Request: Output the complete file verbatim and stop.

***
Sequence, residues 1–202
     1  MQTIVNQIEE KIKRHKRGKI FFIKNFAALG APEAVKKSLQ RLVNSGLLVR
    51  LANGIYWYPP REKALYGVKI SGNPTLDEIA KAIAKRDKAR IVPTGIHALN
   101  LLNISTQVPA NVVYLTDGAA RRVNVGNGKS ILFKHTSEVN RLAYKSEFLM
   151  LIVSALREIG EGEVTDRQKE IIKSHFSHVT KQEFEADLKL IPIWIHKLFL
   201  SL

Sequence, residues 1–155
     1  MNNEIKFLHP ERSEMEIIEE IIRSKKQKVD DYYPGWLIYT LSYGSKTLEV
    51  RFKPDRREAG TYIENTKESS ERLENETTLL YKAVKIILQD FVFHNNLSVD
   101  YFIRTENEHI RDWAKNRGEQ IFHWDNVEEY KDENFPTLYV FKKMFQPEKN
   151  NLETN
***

Sequence, residues 1–202
     1  MQTIVNQIEE KIKRHKRGKI FFIKNFAALG APEAVKKSLQ RLVNSGLLVR
    51  LANGIYWYPP REKALYGVKI SGNPTLDEIA KAIAKRDKAR IVPTGIHALN
   101  LLNISTQVPA NVVYLTDGAA RRVNVGNGKS ILFKHTSEVN RLAYKSEFLM
   151  LIVSALREIG EGEVTDRQKE IIKSHFSHVT KQEFEADLKL IPIWIHKLFL
   201  SL

Sequence, residues 1–155
     1  MNNEIKFLHP ERSEMEIIEE IIRSKKQKVD DYYPGWLIYT LSYGSKTLEV
    51  RFKPDRREAG TYIENTKESS ERLENETTLL YKAVKIILQD FVFHNNLSVD
   101  YFIRTENEHI RDWAKNRGEQ IFHWDNVEEY KDENFPTLYV FKKMFQPEKN
   151  NLETN